The Causes of Meningitis
Meningitis is the infection of the membranes that are surrounding the brain, called the meninges; brain abscesses are defined and there are localised lesions within the brain.
Viruses are the microorganisms that cause the most cases of meningitis and these may only be treated symptomatically. The complete recovery from the virus is the priority of the affected organism, because the brain is the most important organ that coordonates its life functions. In contrast, the bacterial meningitis is rare, but a life-threatening condition. Fungi and protozoa can cause meningitis, but these infections are very rare. In each case of infection, the symptoms of meningitis are similar. The main signs that are given by the patients are the severe headache and fever, neck stiffness, due to the inflammation of the spinal cord and also the photophobia, the incapability of toleration of bright light. Depending on the causative agent, the accurate diagnosis of meningitis is essential, the outlook varying from complete recovery to death. Meningitis is also a complication associated with mumps infection. The treatment of virus meningitis is aimed at relieving the symptoms of the disease, rather than trying to cure the occured infection.
Meningitis could be induced by complication of enteric fever, enteroviruses like coxsackieviruses and echoviruses. Natural warm water springs form the ideal environment for the amoeba Naelgleria fowleri, which is a protoroan that causes a rare form of meningitis. The amoeba is inhaled and burrows through to the brain from inside the nose and once it is in the brain, rapidly the fatal meningitis ensues. Salmonella cholerae-suis is another salmonella type that causes meningitis. Listeria monocytogenes can cause meningitis in newborn babies and people who are immunocompromised. The bacterias that cause meningitis are protected by a capsule, that defend the microbes from our methods of defence and they contain toxins that damage the tissues directly, aiding the colonisation on the surface of a new host. Meningitis can also occure as a complication of genital herpes simplex infections, along encephalitis.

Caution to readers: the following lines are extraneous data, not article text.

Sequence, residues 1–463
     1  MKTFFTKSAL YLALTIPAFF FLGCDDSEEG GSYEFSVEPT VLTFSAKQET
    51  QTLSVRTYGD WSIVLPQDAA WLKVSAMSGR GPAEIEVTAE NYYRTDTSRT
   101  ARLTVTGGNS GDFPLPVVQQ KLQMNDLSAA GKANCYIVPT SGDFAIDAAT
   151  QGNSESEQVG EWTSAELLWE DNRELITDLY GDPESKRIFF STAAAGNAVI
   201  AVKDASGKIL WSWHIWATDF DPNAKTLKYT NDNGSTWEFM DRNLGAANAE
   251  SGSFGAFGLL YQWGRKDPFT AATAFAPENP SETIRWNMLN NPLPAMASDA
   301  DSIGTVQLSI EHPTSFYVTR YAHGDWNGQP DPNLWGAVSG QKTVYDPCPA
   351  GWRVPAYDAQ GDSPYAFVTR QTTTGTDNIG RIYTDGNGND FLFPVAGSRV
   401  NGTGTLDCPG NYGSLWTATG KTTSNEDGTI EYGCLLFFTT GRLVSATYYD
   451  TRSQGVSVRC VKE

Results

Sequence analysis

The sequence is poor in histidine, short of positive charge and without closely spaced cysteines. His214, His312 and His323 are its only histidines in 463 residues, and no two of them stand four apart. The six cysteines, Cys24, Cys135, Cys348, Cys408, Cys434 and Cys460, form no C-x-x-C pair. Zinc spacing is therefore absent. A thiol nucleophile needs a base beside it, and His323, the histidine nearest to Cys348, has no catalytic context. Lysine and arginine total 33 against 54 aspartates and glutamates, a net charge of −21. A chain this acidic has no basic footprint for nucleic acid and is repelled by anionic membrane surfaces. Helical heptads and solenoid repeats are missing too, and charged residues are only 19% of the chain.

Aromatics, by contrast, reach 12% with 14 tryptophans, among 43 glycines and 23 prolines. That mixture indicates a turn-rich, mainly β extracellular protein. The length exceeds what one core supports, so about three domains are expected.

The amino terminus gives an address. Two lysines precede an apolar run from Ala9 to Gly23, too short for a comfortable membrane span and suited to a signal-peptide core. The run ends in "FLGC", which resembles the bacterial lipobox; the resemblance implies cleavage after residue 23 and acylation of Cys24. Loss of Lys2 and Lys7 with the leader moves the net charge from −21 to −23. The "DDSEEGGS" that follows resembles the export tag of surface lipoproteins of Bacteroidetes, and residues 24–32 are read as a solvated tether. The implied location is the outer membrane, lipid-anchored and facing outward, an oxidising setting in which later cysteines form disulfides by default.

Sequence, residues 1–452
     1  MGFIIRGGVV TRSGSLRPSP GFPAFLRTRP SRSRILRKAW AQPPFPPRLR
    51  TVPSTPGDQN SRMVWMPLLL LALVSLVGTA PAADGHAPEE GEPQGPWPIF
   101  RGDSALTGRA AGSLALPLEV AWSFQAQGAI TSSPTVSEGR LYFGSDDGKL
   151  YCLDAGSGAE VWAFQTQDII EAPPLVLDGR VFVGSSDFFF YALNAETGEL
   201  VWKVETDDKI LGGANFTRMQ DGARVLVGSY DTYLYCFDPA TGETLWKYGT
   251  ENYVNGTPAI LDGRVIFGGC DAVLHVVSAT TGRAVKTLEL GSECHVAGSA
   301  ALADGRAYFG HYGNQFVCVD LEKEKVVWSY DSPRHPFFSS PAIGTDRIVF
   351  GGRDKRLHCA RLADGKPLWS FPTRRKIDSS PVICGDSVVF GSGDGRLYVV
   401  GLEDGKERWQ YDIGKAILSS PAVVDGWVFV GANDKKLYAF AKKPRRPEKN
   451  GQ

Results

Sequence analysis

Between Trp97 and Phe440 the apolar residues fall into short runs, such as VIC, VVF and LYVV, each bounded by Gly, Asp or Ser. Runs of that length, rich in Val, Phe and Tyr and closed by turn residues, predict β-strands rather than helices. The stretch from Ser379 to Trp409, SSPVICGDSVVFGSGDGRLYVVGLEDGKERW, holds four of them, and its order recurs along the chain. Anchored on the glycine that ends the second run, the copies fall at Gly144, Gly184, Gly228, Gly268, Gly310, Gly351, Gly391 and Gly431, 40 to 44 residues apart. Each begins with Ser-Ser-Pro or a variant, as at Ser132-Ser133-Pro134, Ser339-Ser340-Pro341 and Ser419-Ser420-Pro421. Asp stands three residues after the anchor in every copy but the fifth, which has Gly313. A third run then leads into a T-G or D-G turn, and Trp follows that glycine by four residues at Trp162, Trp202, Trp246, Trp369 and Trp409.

Pneumococcal meningitis may also be followed by an attack of pneumonia or a direct spread from an ear infection to the meninges. Streptococcal meningitis is associated with a rate of mortality of about 20-30%, even when appropiat treatment is existent. A rate of 15-20% of patients who survive suffer permanent damage to the neurological system. The treatment for pneumococcal meningitis is penicilin, being first used in the 1940's against this disease and being extracted from mold.
Bacteria and viruses are not the only organisms that have the ability of spreading meningitis. Strongyloides stercoralis it a worm that lives in tropical and subtropical areas; the adult worms live in the intestines, their eggs are expelled in the feces and once the eggs hatch, the new worms can enter a person's organism through their skin. From there, they migrate to the lungs, are swallowed by the throat and develop as adults inside the intestines. These worms can survive in the soil for several generations without parasiting before they find a host. The rat lungworm is common only in Southeast Asia and the Pacific islands. Because the eggs are eliminated into the environment through rat feces and develop in an intermediate host like snails, crabs or shrimps, humans can get the worm from undercooked seafood.